The shakers and movers of Kakaako, past, present and future, gathered at a power lunch at the Plaza Club Thursday.
Think Tank Hawaii and the Hawaii Venture Capital Association invited stakeholders and landowners to share their broad vision of Kakaako as a third city that the public has only seen in pieces.
“We are going to have art blocks, small businesses. We are going to have people loft-living, every variety of modern life," said Gov. Neil Abercrombie.
There is the Pohukaina project, the tallest high-rise tower in the state, which the governor envisions as an architectural marvel. It would not be far from a place that could be a tribute to President Barrack Obama.
"That site, or Kakakao waterfront might certainly be a site for a landmark tenancy for a presidential center," said Anthony Ching, Executive Director of the Hawaii Community Development Authority which oversees the district.
One of the next Kakaako projects to roll out is the redevelopment of Kewalo Basin. It calls for 100 new boat slips and two new piers.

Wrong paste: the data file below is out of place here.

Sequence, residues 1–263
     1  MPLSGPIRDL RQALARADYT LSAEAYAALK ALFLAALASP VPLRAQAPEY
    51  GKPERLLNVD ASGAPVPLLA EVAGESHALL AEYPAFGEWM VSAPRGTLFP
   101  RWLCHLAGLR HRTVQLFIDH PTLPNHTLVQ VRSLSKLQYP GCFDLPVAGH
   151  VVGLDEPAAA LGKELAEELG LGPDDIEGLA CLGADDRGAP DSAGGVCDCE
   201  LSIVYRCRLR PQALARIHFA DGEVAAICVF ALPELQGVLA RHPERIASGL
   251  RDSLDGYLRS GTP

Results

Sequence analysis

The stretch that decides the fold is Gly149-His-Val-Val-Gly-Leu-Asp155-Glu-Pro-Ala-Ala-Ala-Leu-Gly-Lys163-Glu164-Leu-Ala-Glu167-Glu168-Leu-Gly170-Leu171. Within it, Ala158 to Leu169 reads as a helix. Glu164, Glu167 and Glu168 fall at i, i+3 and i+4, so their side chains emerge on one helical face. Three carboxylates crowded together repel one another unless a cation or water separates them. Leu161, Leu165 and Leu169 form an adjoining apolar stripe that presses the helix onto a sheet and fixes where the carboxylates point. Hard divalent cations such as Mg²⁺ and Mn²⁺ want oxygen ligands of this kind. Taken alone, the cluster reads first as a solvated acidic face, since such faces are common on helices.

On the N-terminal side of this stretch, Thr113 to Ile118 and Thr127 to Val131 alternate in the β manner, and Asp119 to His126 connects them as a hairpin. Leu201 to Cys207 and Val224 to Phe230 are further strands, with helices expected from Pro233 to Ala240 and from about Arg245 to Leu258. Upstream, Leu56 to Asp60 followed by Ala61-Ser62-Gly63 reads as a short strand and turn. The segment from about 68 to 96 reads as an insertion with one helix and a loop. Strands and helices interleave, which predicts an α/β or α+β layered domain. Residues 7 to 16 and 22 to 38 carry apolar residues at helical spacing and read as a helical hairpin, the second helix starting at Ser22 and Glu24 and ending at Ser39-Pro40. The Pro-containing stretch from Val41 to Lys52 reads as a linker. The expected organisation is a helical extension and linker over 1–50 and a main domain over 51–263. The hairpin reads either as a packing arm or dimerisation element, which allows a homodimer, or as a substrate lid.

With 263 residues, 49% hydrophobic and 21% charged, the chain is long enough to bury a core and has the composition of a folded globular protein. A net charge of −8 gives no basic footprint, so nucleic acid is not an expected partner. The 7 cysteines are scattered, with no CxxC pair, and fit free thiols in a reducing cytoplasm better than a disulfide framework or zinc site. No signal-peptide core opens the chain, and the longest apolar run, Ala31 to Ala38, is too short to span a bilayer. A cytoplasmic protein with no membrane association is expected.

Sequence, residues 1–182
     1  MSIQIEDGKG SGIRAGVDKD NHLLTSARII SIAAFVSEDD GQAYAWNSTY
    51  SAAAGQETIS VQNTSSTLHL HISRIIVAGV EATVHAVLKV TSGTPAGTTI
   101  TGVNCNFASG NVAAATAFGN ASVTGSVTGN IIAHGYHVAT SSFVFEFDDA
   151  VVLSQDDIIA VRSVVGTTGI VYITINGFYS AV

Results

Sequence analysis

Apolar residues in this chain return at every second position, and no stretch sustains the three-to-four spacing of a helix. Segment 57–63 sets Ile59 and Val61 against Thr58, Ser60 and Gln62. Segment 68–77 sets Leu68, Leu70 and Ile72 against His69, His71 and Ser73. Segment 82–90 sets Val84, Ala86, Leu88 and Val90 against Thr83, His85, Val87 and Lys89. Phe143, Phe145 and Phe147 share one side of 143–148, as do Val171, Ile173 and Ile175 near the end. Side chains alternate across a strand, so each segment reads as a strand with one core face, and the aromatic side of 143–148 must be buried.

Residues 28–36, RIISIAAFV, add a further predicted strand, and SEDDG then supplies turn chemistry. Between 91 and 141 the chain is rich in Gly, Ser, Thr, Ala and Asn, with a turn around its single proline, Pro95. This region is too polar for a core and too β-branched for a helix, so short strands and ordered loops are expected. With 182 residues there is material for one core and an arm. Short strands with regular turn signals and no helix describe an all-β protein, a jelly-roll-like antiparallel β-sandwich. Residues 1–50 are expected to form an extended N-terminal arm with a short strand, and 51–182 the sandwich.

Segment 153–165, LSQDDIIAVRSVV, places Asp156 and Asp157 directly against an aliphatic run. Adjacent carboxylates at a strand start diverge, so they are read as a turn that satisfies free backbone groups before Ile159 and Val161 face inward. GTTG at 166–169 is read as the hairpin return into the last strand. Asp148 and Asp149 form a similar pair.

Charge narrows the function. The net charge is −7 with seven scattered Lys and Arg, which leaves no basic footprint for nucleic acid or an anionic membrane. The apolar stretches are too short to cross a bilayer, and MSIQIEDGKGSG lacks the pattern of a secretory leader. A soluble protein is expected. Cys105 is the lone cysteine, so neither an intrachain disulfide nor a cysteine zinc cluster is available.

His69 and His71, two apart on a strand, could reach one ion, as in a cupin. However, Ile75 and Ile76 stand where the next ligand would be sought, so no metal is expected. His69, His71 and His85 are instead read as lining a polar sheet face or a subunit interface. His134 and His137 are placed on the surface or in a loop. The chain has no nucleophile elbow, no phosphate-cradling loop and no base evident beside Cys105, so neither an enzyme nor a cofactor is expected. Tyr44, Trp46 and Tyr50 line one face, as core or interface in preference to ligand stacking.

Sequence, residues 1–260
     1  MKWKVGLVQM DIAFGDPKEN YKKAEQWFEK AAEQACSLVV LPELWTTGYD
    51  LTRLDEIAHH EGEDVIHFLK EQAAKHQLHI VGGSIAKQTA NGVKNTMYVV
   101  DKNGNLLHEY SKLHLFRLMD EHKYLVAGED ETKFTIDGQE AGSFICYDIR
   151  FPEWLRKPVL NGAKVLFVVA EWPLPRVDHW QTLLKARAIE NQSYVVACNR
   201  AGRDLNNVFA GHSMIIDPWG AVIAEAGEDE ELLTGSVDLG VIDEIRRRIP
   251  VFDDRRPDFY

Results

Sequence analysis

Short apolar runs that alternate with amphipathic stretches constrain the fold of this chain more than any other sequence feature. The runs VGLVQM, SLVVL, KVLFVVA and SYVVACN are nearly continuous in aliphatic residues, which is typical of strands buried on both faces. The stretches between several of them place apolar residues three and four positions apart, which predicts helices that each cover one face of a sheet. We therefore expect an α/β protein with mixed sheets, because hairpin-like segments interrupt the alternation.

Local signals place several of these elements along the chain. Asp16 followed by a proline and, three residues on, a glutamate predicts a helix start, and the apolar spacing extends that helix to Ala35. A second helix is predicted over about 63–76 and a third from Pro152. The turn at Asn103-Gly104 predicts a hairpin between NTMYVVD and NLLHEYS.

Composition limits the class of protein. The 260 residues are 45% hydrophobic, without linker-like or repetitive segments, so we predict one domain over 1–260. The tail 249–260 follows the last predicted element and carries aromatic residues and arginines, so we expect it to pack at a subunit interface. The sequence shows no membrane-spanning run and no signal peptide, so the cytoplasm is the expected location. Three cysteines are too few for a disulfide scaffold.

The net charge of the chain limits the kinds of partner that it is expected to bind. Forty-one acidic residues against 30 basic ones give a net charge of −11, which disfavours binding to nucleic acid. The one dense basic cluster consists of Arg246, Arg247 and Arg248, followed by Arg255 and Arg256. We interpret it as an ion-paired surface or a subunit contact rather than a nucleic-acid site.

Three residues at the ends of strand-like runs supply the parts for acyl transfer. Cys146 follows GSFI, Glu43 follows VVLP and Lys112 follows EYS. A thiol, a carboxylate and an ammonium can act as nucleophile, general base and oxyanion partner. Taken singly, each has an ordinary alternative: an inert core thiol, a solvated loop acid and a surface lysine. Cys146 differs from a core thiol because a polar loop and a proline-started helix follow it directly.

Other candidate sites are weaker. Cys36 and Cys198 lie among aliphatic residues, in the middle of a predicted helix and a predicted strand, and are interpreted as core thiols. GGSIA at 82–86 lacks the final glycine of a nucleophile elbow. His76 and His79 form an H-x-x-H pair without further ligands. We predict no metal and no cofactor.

The Kakaako blueprint is slowly transforming an eyesore to what some hope will be a magnet for visitors and residents.
“We want to make money, but our primary goals are far-reaching,” said Kamehameha Schools Commercial Real Estate director Paul Quintiliani.
The Kakaako master plan calls for the pedestrian walkways and a waterfront promenade, along with residential high-rises and low-rise neighborhoods that could keep their character intact.
"We need to look at other developments in other places and adjust them to Hawaii.I don't think we can pass up this opportunity," said Mitch D’Olier, the CEO of Castle Foundation.
Panelists also addressed the vision for workforce housing and spaces for artists and cutting- edge business.